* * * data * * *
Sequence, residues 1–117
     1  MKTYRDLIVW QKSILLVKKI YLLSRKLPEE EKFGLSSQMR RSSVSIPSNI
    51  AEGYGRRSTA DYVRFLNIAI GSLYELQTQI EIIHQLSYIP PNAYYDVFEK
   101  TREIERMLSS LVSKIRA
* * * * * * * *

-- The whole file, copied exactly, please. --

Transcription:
Sequence, residues 1–117
     1  MKTYRDLIVW QKSILLVKKI YLLSRKLPEE EKFGLSSQMR RSSVSIPSNI
    51  AEGYGRRSTA DYVRFLNIAI GSLYELQTQI EIIHQLSYIP PNAYYDVFEK
   101  TREIERMLSS LVSKIRA